Six Live Action Movies For Fans Of Studio Ghibli

Jul 20, 2020
Studio Ghibli characters

The animated films of Hayao Miyazaki and his renowned production company, Studio Ghibli, have amazed and entertained us for decades. Always imaginative, they're imbued with heart and reflections on humanity’s relationship with one another and the natural world. Although they may not have the beautiful style of the animated Ghibli filmography, there are many non-animated films that invoke the same feelings. As the PCG's most devoted Miyazaki fan, I've picked my favourite 'Ghibli-esque' live-action movies.

Image of Christian Bale as a little boy standing above the crown holding a toy plane

Empire Of The Sun (1987) 
Steven Spielberg’s adaptation of J.G. Ballard’s semi-autobiographical account of his time living in Japan in the latter days of World War II is filled with tropes also found in many of Studio Ghibli films. A child split from a family member (see Spirited Away, My Neighbour Totoro), aviation (Porco Rosso, The Wind Rises) and the horrors of war (Grave Of The Fireflies). In his debut film role, Christian Bale deftly portrays Jamie ‘Jim’ Graham as a wide eyed adventurer initially oblivious to the toll of war happening around him, an unwitting documentarian of Japan’s fate.

Mija offers the super pig a piece of fruit

Okja (2017) 
Eco-friendly messages can be found in most of Miyzaki’s works and, by association, Ghibli’s oeuvre as well. It's a quality that also runs deep in Bong Joon-ho’s Netflix-produced Okja. An eco-friendly message is delivered by larger than life caricatures, especially in Jake Gyllenhaal’s Johnny Wilcox and the youthful Animal Liberation Front members. The initial liberation of the titular super pig reminds one of the chase scenes from The Castle Of Cagliostro, all angular limbs and ridiculous stunts. Mija’s friendship with Okja resembles that of Satsuki and the giant spirit in My Neighbour Totoro as they play innocently through the forests of South Korea unaware of the fate that awaits them.

Horned Pan

Pan’s Labyrinth (2006)
Albeit a much darker and more violent film, there are similarities between this and many Ghibli films. Guillermo Del Toro is a confirmed fan of Miyazaki and, like many of the Japanese auteur's films, the spectre of conflict hangs thick in the air as a young girl tries to comprehend the world of adults as the Spanish Civil War rages. She finds refuge in a fairy tale that prophecises the return of Princess Moanna, the daughter of the Lord the Underworld. Like Spirited Away, it is a story about fantastical creatures tempting a girl away from the troubles of the real world, only for her to find that not all is what it seems in both these strange and sometimes horrifying lands.

Image of girl touch face of a statue

The Secret Garden (1993)
Any one of the numerous adaptations of Frances Hodgson Burnett novel could be included here. Like so many Ghibli films, both the book and the film versions deal with an orphaned girl finding a hidden place filled with magic. This allows her to escape from the monotony of the world her strict uncle has instigated in his house. This particular version of the story may not be as visually striking as the 2020 release directed by Marc Munden but in its simple, real world and practical way it more effectively conveys the message that it doesn’t always take magic to solve our problems.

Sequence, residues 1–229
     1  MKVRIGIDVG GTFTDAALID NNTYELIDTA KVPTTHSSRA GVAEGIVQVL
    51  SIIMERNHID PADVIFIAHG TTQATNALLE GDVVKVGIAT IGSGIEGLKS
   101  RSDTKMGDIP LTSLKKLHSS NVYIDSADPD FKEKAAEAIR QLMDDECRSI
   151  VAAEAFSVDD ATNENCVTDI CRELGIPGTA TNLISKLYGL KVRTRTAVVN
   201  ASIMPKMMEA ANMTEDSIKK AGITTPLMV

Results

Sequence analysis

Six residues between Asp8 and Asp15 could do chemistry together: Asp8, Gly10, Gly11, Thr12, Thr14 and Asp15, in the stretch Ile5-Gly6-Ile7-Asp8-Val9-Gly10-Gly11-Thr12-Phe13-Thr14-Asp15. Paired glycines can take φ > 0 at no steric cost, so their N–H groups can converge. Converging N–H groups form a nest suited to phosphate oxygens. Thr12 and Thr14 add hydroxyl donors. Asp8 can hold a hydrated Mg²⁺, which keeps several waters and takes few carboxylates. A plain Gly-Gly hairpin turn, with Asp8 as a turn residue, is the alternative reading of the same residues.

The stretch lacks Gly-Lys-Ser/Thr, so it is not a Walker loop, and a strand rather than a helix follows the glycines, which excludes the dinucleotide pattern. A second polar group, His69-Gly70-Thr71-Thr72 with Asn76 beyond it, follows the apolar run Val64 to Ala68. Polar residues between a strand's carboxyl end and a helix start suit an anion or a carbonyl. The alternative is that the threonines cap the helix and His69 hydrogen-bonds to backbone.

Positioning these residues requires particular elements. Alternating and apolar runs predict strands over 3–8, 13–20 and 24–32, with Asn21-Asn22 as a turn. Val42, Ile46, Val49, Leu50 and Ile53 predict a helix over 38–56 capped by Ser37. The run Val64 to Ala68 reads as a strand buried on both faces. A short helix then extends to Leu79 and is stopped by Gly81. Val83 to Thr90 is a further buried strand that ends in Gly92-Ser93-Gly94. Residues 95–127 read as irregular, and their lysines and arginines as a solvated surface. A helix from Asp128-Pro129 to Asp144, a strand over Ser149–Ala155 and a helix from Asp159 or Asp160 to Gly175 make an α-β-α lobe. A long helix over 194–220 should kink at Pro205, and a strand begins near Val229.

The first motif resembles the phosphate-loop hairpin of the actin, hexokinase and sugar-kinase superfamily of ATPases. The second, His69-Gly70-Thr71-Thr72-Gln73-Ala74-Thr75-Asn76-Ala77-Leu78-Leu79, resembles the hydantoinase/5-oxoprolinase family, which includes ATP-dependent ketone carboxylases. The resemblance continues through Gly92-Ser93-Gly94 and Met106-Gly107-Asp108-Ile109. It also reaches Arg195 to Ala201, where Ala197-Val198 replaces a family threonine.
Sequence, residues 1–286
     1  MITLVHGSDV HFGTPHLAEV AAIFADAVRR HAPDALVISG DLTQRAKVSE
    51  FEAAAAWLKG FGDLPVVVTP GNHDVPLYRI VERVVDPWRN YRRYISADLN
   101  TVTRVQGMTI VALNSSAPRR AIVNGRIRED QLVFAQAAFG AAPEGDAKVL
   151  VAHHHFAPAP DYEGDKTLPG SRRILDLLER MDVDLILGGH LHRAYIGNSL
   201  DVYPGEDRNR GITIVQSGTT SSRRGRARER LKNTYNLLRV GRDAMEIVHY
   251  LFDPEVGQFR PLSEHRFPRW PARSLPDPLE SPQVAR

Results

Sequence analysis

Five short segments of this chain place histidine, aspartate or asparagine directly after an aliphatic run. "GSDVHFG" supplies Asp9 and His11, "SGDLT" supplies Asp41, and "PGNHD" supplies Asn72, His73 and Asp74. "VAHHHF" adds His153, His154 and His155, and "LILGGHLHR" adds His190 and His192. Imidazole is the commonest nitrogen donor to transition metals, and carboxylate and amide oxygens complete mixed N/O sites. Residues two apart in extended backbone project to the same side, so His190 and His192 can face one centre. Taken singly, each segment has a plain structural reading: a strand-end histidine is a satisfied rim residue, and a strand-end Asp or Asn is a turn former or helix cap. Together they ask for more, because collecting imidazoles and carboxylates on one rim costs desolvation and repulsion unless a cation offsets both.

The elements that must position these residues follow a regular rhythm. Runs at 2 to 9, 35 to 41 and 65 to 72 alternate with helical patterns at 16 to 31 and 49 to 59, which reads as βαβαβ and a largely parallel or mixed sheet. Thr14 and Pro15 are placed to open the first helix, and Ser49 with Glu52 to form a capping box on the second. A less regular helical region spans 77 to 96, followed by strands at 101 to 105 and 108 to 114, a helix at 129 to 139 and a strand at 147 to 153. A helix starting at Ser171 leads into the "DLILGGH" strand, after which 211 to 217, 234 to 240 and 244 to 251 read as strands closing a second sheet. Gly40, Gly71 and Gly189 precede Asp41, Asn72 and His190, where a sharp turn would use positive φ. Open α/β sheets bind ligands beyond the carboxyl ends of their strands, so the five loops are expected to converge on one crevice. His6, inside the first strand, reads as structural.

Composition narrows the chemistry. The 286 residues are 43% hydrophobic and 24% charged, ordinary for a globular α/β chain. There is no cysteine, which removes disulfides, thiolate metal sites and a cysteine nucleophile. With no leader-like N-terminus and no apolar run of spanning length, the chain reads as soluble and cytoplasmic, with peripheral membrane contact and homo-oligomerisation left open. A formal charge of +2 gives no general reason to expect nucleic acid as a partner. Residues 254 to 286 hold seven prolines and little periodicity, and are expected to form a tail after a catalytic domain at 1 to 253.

Mad scientists

The City Of Lost Children (1995)
There are a number of Jean-Pierre Jeunet directed films that have similarities to Miyazaki’s stories, such as the fantasy world of Amelie and the WWII setting of A Very Long Engagement. The highest number of parallels can be found in The City Of Lost Children. The difference between those other Jeunet outings and this may be the off-centre sensibilities of long time collaborator Marc Caro. It is a fantastical caper that in other hands it would be a less inspiring children's film. Here it is an unsettling tale populated with strange and grotesque characters that are brought to life by a cast that includes Dominique Pinon and Ron Perlman.

Man in foreground looks back at a series of watermills

Dreams (1990)
Also known more commonly as Akira Kurosawa’s Dreams, this is a visual feast as the legendary Japanese director brings eight vignettes based on his actual recurring dreams. Spanning the past, present and future as it was in the early 1990s  there are several segments that bring the vibrant wonder of Miyazaki’s Japan to the live-action realm. Take the segment entitled Village Of The Watermill for example: it is a short film befitting any slice of life anime. Of course Kurosawa had been helming films long before Studio Ghibli's inception, with masterpieces like Seven Samurai and Yojimbo to his name, but with Dreams he created one of the most tantalising visual feasts ever committed to celluloid.


This is only scratching the surface of films that share the Studio Ghibli characteristic attention to visual imagination and invention. From The Goonies to Dr. No, one can find similarities everywhere, due not in small part to the fact that these classic animations don't sit removed from filmic history but are instead steeped in it, being influenced by as well as influencing many filmmakers. With the studio still going strong I cannot wait to see what impact they will have on the future of the movie industry. 


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